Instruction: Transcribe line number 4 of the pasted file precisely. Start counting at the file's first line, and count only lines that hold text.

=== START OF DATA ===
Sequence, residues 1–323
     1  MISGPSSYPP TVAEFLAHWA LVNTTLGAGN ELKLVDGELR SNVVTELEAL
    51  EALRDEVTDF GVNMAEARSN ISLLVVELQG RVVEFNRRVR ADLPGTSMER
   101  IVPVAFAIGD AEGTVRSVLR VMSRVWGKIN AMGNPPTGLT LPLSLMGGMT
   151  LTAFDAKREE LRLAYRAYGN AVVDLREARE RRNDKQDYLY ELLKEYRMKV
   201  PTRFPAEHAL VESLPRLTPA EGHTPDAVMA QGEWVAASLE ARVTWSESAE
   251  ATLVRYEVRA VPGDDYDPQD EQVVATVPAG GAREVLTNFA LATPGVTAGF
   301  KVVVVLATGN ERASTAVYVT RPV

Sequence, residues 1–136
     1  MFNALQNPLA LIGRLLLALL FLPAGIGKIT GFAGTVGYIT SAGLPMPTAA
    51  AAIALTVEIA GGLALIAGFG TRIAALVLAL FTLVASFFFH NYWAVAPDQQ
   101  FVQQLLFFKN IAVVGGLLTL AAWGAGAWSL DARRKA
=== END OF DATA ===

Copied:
   101  IVPVAFAIGD AEGTVRSVLR VMSRVWGKIN AMGNPPTGLT LPLSLMGGMT